NRA sues Gov. Cuomo over what it calls blacklisting campaign
NEW YORK — The National Rifle Association filed a lawsuit Friday against New York Gov. Andrew Cuomo and the state's financial regulatory agency for what it says is a blacklisting campaign aimed at preventing firms from doing business with the gun owners' group.
The lawsuit filed in federal court for the northern district of New York names the Democratic governor along with the state Department of Financial Services and its superintendent, Maria Vullo, as defendants.
It accuses Cuomo of directing a campaign of "selective prosecution, backroom exhortations, and public threats" aimed at depriving the NRA and its members of their First Amendment rights "to speak freely about gun-related issues."
The lawsuit comes after New York state fined insurance broker Lockton Cos. LLC $7 million for underwriting an NRA-branded insurance program called Carry Guard.
In a May 2 news release about the enforcement action, the state financial services department said Carry Guard unlawfully improperly provided insurance coverage for criminal defense for gun owners charged with a crime involving a firearm.
Vullo called the firm's marketing of the Carry Guard policies "an egregious violation of public policy designed to protect all citizens."
Additionally, the department announced Monday that insurance firm Chubb Ltd. and its subsidiary Illinois Union Insurance Company would pay a $1.3 million fine for underwriting the Carry Guard program through Lockton Affinity.
A Lockton representative did not immediately respond to a request for comment.
About time @NRA sued. We will not be intimidated by a Governor bent on chipping away at our constitutional rights and demonizing millions of law abiding gun owners. Those rights protect us from a tyrannical government kind of like we have in New York State. #CorruptCuomo— Glenn (@Glenn119) May 11, 2018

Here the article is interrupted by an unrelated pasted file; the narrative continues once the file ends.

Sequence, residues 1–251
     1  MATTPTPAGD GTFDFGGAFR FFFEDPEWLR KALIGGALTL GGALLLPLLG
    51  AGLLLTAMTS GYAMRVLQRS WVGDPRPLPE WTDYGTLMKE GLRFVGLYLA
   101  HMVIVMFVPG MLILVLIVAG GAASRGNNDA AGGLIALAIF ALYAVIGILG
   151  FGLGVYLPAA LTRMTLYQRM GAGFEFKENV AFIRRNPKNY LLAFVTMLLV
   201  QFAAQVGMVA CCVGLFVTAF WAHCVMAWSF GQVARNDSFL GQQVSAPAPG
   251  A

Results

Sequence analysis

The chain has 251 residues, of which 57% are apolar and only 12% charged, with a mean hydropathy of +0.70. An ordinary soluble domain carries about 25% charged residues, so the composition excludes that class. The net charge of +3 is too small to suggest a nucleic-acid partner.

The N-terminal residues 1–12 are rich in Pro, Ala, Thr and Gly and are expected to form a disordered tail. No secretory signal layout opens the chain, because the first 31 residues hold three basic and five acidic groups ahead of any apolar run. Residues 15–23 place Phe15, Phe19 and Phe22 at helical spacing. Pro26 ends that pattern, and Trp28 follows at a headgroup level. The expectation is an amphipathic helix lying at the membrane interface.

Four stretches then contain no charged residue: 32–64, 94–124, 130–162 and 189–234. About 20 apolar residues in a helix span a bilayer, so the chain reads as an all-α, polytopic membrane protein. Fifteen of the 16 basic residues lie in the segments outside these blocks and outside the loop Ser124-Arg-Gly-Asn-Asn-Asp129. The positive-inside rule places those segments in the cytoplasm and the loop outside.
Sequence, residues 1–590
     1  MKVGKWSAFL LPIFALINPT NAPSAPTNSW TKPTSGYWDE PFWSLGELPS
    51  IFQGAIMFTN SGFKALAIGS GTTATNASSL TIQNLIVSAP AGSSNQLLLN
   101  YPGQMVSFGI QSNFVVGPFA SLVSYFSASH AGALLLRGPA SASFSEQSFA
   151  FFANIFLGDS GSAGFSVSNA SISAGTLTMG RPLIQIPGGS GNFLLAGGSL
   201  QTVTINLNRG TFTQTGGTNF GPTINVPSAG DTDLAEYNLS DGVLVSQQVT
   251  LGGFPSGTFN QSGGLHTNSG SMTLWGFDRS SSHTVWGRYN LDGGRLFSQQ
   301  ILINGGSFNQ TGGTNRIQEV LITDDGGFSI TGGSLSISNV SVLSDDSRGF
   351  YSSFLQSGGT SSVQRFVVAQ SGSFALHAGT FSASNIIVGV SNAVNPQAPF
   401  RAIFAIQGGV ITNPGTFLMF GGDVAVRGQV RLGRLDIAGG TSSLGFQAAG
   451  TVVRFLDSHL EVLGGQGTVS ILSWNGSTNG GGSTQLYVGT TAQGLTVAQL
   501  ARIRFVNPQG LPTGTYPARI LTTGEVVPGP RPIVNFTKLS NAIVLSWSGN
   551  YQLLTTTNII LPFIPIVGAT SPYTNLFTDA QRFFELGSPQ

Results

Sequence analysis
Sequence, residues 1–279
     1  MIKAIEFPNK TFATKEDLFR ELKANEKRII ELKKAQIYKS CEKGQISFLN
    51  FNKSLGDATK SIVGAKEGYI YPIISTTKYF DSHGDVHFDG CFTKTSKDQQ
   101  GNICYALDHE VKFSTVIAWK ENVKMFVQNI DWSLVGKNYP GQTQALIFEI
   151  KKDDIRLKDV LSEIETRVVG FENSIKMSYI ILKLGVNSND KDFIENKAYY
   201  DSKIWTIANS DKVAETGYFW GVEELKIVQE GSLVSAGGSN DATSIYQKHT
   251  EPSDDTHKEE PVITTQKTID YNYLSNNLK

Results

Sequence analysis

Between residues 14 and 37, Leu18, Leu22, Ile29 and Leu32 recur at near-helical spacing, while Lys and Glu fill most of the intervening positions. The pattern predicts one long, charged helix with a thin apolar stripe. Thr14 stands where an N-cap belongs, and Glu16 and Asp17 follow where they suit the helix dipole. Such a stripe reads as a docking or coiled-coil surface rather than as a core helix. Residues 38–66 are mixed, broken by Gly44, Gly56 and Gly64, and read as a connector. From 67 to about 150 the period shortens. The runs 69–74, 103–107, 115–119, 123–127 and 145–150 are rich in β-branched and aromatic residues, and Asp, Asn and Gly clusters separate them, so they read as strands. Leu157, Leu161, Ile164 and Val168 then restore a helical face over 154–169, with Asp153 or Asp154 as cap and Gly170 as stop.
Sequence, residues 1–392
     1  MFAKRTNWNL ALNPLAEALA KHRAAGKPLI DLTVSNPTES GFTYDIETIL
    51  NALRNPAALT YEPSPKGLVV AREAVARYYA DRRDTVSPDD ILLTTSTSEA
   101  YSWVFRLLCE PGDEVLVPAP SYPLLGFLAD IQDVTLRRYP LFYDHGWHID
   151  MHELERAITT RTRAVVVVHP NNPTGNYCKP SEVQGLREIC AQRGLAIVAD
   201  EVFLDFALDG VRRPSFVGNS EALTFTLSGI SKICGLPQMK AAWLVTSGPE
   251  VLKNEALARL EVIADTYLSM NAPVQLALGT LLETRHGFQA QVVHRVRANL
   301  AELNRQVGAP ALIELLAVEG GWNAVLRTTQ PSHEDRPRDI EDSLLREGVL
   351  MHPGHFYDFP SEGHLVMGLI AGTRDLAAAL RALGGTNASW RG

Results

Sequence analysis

Chubb said in a statement that settling with the state financial services department was the best way to resolve the coverage questions raised by the department.
The company said it provided notice in October 2017 that it was voluntarily terminating its participation nationally in the Carry Guard program.
Cuomo has made gun safety one of his signature issues. He signed a package of gun restrictions after the 2012 school massacre in Newtown, Connecticut, making New York the first state to enact new gun laws after the shootings.
The NRA said in its lawsuit that Cuomo "bears distinct animus toward the NRA."
The lawsuit says Cuomo and the other defendants "have abused their authority in an effort to stifle the NRA's political advocacy and to retaliate against the NRA for the effectiveness of that advocacy."
Gov. Cuomo's statement sounds less like a defense on the merits and more like 'The evil NRA had it coming' https://t.co/UJmfO2OsPJ— Brian Knight (@BrianRKnight) May 11, 2018
Cuomo called the lawsuit "a futile and desperate attempt to advance its dangerous agenda to sell more guns."
"In New York, we won't be intimidated by frivolous court actions from a group of lobbyists bent on chipping away at common sense gun safety laws that many responsible gun owners actually support," he said in a statement.
That's because your laws don't keep New Yorkers safe. You endanger the lives of your citizens and empower the criminal. How many New York members of the NRA commit crimes in your state?— Unabashed Patriot (@UnabashedPatri1) May 11, 2018